A man is expected to state his needs and expectations in the workplace. A man is expected to speak up when he sees someone underperforming. A woman who speaks her mind professionally risks being classified as a bitch. Yes, this phenomenon is real. I have heard male colleagues yell and curse at clients with dangerous horses. I have had those same clients call the office to complain about how rude I was when I suggested that the horse was dangerous and needed some training.
This isn’t an example of the poor, oppressed woman. This sort of gender divide harms everyone. Women lose (obviously) in terms of self-esteem, performance, and career advancement. Men lose the input and experience of half of their colleagues. And they lose the opportunity to put their own egos to the side and hear an alternate view. Whenever we are allowed to entrench deeply within our own experience and self-expectation, we lose.
It starts so early. Walk onto an elementary school playground and look at the first grade. In kindergarten, those same children mingled, irrespective of gender. The active children rolled around in the grass and mud like puppies on caffeine while the more sedate children built castles of blocks and dreams. By first grade, though, the lines begin to be drawn. Girls clump together, trying on tiaras and cloaks, while the boys wield sticks and charge across the yard. They still blend their games, but often the cross-over is gender-specific: the girls need a groom for the wedding or a king for the kingdom; the boys need someone to rescue.
Earlier this year, I had an odd experience. I was picking Sierra up from school, and as my whirlwind child tore through the classroom and out into the yard with a pack of boys, a mother of one of the other girls smiled and said to me, “Don’t take this the wrong way, but Sierra reminds me a bit of Ramona (from the Beverly Cleary books) – I mean in terms of her…of her physicality.” The other mother trailed off as though she wasn’t certain that she hadn’t said something inappropriate. She didn’t look critical; she looked almost half-envious, as though she wished that she had been that exuberant child. But, that physicality wasn’t, and still isn’t, considered quite the norm for girls. Sierra is Ramona in many ways. Thirty years ago, she would have been branded a “tomboy.” It isn’t unusual to see her, resplendent in princess gown and tiara, chasing her brother through the neighborhood armed to the teeth with Nerf gun and sword.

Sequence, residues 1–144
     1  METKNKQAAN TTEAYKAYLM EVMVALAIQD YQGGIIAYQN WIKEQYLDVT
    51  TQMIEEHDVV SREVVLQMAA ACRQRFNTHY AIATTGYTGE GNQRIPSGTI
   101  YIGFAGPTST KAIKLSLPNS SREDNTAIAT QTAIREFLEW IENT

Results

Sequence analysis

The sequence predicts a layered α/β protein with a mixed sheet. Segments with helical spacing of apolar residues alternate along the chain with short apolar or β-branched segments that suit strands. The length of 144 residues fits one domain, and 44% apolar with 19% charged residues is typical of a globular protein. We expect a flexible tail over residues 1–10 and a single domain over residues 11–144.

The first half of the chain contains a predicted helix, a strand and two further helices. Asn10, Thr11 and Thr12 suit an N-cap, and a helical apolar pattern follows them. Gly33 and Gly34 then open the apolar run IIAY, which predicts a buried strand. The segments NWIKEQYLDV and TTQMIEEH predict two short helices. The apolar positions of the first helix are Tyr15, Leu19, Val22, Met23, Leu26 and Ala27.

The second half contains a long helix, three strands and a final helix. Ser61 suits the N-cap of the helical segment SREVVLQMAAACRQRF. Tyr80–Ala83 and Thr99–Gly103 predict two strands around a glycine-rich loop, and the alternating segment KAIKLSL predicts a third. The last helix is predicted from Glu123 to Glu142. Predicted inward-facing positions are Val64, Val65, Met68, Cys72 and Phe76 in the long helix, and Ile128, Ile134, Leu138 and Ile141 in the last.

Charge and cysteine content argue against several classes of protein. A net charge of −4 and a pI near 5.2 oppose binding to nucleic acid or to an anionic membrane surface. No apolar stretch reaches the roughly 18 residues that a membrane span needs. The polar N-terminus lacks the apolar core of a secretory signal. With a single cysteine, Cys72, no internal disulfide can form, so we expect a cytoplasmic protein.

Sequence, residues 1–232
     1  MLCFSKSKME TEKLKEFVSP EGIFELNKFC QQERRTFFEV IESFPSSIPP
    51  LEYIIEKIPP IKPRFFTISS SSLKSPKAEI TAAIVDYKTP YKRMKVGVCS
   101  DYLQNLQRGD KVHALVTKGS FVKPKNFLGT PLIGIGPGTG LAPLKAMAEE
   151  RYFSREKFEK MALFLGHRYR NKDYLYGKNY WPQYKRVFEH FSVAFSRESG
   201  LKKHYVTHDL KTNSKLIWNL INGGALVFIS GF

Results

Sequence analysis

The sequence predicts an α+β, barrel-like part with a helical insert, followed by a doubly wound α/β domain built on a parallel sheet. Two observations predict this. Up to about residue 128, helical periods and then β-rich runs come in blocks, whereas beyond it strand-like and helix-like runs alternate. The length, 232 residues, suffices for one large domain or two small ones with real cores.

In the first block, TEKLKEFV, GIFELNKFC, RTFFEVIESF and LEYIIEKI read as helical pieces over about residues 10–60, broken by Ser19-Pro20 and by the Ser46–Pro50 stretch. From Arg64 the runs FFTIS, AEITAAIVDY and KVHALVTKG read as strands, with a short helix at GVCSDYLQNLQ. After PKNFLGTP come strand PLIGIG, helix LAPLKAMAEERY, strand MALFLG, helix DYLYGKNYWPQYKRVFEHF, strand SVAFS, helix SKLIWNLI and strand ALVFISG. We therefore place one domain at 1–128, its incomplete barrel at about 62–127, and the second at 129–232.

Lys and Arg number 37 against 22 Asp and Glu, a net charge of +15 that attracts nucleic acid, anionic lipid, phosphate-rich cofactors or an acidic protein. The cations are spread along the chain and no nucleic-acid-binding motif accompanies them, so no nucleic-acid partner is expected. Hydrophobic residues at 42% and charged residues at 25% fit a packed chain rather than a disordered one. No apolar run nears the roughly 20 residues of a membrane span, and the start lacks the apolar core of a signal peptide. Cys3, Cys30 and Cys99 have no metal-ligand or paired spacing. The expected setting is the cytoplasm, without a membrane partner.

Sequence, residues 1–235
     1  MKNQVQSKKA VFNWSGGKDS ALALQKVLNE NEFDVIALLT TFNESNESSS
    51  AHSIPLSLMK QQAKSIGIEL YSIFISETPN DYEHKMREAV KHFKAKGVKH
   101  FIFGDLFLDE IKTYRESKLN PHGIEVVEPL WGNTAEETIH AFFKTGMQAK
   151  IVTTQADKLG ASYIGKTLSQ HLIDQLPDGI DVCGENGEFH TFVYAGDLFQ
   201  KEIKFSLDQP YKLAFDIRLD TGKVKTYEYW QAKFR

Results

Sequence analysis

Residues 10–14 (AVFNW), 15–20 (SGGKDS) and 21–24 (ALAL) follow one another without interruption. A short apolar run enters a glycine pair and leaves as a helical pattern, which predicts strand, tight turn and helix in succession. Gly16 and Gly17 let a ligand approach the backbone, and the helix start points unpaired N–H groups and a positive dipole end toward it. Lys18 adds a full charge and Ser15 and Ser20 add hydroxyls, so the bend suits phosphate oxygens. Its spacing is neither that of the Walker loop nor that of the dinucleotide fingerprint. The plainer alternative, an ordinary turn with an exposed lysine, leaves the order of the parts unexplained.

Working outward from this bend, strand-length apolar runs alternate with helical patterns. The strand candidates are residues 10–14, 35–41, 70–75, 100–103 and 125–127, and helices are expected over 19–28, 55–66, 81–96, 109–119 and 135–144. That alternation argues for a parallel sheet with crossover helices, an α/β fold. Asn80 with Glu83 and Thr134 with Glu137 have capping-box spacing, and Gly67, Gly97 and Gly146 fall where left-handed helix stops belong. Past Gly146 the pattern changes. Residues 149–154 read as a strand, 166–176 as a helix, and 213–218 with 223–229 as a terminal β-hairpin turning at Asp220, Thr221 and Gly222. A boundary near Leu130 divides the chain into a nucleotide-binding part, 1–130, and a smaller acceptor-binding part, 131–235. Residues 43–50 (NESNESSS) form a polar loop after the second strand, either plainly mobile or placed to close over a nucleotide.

I hope that she will maintain this balance. But, I’ve already seen the pressures of society begin to bend her older siblings. Aidan, by default a sweet, sensitive, cuddly people-pleaser, has begun working on his “cool” act. He’s always had an affinity for sports, guns, and cars, but he is less and less willing to let any side of him other than the sport/gun/car/class clown face be seen around his peers. Caitlin struggles socially as she and her peers enter their teens. “Most of the girls just want to talk about makeup and hair and clothes and music,” she complains. Caitlin loves to shop, will play with makeup a bit because she likes things that are pretty, even herself, but she doesn’t see the point in talking about these things. She’d rather hold lengthy discussion about the merits of Marvel vs DC comics, or the more subtle points of the Lord of the Rings trilogy, or compare and contrast Star Trek and Star Wars, but already, those conversations are the purview of the boys. When we separate, sort, and label, everyone loses.
I don’t have a fix. I wish I did. I think that the only solutions to the big problems are the small ones. What if each of us stopped, paused before allowing a judgmental thought on a woman’s body to be fully articulated? What if we stopped before saying, “Don’t cry” to our sons? What if we took a breath before leaping to the “bitch” label for a woman stating her case, or before brushing off the rudeness of an angry man? What if we gave each other small spaces in which to move beyond the labels? What if we quit blaming clothing, makeup, beer commercials, or politicians for our societal woes?
What if we ditched words like misogyny and feminism and moved toward one label? I’d like to be a humanist, please.